Buying boutique bikes can be considered risky by some. Parts aren't always readily available, working on them can be unfamiliar and local support can be hard to come by. If fear of this is what is holding you back from investing in one of Beta’s new enduro machines, than you need to broaden your horizons.
The 2012 Beta RR350 received a plethora of upgrades which have improved the bike out of sight. The first thing you will notice on a '12 Beta is the colour. With a frame and plastics that look like they would glow in the dark, the Beta is by far the best looking trail bike on the market.
In the engine room, Beta overhauled the cam chain tensioner and guide, and reinforced the camshaft bridge. It also made significant improvements to the gearbox and clutch with higher quality clutch springs, a new Brembo clutch pump, reinforced primary gear and also redesigned the gearbox guide, all of which made for smoother acceleration and reduced drivetrain snatch. The gear ratios were perfect for technical trails with first and second allowing low speeds without stalling, a trait the RR350 no doubt inherited from its trials background. The clutch is light and smooth, minimising arm-pump.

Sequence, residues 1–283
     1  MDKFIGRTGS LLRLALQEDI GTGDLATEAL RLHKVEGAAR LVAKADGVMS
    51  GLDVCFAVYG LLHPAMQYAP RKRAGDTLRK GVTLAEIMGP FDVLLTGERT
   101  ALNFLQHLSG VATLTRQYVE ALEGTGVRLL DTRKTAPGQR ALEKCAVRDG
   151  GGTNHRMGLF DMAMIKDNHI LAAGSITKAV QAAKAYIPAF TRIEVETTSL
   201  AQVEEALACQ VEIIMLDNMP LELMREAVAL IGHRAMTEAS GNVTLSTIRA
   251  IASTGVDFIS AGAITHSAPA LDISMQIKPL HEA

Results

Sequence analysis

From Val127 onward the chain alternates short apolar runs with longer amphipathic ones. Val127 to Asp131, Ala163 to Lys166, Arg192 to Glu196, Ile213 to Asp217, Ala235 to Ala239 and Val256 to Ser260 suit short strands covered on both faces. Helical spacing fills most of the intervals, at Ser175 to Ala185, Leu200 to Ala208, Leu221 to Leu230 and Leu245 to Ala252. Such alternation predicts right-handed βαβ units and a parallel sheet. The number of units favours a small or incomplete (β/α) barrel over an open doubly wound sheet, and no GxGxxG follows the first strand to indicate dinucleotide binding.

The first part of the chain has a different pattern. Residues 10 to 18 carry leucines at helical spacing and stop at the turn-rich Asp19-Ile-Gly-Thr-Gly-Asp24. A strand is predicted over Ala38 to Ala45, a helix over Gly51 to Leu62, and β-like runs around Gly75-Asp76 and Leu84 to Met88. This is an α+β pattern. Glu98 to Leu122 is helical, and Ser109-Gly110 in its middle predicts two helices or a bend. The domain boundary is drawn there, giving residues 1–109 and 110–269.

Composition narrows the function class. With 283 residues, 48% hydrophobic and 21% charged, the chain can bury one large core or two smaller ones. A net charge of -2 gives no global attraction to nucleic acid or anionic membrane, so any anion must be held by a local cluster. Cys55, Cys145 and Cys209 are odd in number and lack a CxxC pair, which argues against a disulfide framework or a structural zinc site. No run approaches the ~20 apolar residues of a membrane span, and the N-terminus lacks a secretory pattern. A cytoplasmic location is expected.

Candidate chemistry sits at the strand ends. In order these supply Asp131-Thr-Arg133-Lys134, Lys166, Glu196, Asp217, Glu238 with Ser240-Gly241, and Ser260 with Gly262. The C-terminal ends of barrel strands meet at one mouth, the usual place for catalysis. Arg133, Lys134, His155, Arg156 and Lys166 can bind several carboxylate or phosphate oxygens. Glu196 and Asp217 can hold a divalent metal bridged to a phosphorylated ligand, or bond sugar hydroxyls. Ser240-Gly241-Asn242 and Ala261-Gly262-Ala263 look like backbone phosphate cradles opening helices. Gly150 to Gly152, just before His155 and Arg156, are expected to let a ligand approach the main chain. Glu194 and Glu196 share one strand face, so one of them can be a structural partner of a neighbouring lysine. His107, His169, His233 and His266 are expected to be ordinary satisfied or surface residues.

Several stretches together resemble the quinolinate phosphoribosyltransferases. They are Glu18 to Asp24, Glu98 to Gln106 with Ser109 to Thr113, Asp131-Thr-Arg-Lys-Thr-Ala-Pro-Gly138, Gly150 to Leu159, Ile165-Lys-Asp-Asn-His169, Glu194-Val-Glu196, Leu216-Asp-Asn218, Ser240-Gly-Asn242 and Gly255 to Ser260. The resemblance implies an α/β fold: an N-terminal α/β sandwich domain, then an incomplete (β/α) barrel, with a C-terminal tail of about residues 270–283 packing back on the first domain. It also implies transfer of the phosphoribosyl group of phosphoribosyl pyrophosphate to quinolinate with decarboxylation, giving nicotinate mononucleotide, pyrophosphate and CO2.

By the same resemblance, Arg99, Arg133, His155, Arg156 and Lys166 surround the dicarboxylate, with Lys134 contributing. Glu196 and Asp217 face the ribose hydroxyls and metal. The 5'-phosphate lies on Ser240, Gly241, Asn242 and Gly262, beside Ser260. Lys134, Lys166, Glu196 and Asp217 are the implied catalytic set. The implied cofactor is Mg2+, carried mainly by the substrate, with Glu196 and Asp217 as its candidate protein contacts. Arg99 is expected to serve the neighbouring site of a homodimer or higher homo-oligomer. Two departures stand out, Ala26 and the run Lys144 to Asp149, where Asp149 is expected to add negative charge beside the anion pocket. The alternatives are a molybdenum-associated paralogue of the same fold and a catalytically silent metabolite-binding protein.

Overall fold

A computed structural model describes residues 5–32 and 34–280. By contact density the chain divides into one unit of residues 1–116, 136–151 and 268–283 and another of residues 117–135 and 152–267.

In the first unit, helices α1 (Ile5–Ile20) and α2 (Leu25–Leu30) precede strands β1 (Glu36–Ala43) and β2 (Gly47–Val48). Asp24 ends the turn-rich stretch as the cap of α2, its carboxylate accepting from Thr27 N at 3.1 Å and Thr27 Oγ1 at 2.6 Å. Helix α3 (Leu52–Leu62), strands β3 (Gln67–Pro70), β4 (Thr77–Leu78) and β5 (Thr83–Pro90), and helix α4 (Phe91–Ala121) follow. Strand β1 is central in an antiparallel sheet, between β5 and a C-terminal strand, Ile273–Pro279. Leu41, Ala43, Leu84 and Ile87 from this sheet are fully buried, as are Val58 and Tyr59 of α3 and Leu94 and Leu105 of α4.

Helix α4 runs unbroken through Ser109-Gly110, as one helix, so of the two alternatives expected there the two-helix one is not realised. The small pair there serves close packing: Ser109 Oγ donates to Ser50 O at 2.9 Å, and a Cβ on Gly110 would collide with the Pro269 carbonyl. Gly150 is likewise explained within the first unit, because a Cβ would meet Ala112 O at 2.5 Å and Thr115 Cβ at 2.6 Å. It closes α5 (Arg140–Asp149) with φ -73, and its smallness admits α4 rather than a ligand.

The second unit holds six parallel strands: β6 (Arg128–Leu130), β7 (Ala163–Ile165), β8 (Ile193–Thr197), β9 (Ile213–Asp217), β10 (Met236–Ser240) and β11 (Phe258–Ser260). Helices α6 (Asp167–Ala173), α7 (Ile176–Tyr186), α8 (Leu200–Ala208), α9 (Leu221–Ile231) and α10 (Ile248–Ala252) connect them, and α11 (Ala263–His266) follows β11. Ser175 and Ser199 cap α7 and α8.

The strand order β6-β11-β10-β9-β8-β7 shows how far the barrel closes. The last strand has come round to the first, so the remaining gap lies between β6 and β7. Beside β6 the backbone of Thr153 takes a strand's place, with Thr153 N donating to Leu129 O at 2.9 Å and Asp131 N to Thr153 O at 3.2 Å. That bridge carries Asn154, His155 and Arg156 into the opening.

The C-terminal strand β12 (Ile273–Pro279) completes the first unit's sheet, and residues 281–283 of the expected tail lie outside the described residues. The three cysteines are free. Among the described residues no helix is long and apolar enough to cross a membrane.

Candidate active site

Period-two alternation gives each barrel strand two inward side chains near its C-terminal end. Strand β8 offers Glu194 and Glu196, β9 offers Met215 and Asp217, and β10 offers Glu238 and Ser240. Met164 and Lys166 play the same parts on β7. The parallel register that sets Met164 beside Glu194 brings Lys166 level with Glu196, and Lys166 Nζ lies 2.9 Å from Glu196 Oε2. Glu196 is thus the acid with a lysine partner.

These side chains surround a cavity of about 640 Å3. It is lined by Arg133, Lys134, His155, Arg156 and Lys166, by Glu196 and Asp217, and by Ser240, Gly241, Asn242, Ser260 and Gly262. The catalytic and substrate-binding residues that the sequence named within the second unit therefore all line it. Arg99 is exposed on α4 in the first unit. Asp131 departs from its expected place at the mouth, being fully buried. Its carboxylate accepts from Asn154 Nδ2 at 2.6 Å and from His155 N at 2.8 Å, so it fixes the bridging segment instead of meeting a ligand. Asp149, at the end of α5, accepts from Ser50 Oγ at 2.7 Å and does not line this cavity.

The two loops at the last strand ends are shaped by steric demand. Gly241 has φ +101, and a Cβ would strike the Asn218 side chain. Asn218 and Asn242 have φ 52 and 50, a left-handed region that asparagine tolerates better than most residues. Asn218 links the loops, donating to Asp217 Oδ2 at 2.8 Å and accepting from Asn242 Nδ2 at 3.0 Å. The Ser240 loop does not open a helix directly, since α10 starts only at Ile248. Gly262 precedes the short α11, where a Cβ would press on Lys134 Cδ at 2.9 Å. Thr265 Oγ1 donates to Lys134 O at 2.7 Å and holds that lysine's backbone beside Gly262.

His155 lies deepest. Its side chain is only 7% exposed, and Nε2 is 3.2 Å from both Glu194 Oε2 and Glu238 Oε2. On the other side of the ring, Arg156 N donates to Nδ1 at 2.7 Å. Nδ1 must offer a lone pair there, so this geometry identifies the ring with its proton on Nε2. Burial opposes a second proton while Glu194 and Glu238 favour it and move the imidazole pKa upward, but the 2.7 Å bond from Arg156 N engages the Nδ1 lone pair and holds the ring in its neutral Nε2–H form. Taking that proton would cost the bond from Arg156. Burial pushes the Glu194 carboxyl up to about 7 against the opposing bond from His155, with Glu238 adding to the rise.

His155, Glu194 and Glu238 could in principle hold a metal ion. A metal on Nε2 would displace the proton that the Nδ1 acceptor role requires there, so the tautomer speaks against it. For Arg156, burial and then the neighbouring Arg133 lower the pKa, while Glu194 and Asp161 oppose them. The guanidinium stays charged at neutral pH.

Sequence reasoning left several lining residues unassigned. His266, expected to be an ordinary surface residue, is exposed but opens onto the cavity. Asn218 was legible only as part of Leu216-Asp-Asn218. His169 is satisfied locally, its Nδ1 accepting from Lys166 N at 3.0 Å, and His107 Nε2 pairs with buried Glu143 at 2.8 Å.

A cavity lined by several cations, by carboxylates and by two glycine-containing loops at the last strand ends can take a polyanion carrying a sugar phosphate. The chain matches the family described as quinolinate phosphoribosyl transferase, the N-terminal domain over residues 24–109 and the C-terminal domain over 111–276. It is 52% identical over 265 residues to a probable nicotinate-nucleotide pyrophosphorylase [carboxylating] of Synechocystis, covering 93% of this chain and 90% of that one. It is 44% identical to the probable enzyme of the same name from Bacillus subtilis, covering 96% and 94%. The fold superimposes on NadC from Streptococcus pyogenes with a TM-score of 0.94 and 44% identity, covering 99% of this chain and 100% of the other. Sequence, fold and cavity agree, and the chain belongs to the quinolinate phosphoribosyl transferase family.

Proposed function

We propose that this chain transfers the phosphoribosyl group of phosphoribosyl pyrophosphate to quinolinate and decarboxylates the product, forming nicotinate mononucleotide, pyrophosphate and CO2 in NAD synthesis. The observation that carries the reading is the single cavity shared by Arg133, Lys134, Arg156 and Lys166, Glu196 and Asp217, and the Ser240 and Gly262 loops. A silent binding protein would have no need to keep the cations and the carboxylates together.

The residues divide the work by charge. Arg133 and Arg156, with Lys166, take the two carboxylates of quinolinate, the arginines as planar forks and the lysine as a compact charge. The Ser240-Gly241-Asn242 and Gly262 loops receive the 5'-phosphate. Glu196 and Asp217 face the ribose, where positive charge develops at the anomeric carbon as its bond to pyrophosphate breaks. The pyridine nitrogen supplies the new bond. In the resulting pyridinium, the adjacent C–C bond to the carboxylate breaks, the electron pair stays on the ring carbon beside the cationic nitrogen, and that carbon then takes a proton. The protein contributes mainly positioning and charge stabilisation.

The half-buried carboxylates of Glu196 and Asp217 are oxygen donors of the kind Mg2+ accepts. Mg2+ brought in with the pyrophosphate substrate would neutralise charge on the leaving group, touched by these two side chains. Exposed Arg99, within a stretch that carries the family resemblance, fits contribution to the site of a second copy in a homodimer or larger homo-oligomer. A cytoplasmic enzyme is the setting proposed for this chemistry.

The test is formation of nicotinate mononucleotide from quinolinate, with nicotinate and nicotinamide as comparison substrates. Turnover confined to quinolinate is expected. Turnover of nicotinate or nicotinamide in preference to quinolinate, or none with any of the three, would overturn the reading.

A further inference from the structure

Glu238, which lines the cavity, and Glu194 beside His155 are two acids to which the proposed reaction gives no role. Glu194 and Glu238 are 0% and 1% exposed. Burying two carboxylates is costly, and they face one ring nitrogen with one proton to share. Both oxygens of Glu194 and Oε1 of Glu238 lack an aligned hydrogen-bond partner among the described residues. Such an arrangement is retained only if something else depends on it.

For 2012 Beta also opted for a new skeletal system with a 28mm tube cradle frame increasing the diameter of the tubes from 25mm in 2011. The new frame meant the bike steered more accurately, especially at high speeds, allowing you to use your knees and body to steer the bike from the seat.
To further improve the handling of the RR 350, Beta have bolstered the front end with a new Sachs USD 48mm fork and stiffer triple clamp. This made the front end feel really light, allowing good tight bush performance, while minimizing headshake.
Often with a light and nimble front end, the trade-off is a bike which will deflect off rocks when hit hard, and shake at high speeds, however the Beta feels planted on all terrain.
The balance of the Beta is its strongpoint, which can be attributed to that front end. The fork, albeit a little on the soft side, is great for trail riding. But if you were to race one, you would need to run firmer springs or wind on the compression to improve bottoming and handling at high speeds.
If you're concerned there aren't enough Betas in the bush to buy one, I urge you to reconsider. The day we (AMCN sister magazine, ADB) tested the Beta, we also tested every other four-stroke machine in the 300-400 capacity range, and the Beta was a standout performer.
Configuration single cylinder, four-stroke
Cylinder Head DOHC, four valves per cyiinder
Bore/Stroke 88 x S7.4mm
Compression Ratio 12.9:1
Fuelling Keihin FCR-MX 39 Carb
Power Not given
Torque Not given
Final Drive Chain
Frame material Chromoly
Frame layout Tube
Rake Not given
Trail Not given
Front 48mm, USODm fully adjustable
Rear Monoshock, fully adjustable
Wheels Alloy, spoked
Front 21 x 2.50
Rear 18 x.4.O
Tyres: Bridgestone Gn1ty
Front 260mm disc. four piston caliber
Rear 240mm disc, two piston caliber
Weight Not given
Seat Height 940mm
Fuel capacity 8L
top speed 150m/h (estimated)
Handling, steering, balance
Colour and looks
Not enough of ‘em out there!